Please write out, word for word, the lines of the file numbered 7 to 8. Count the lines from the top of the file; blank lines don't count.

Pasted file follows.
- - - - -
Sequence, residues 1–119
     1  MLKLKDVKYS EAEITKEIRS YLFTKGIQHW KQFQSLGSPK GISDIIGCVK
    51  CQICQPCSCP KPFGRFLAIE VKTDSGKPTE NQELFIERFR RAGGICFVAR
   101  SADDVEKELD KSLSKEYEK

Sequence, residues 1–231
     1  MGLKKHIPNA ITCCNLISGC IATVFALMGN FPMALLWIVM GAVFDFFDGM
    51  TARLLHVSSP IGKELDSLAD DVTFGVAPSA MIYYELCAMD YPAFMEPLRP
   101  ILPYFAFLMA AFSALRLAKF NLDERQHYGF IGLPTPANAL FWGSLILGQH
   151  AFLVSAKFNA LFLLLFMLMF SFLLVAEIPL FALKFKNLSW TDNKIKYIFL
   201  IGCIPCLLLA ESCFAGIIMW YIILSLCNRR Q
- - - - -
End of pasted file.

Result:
    51  TARLLHVSSP IGKELDSLAD DVTFGVAPSA MIYYELCAMD YPAFMEPLRP
   101  ILPYFAFLMA AFSALRLAKF NLDERQHYGF IGLPTPANAL FWGSLILGQH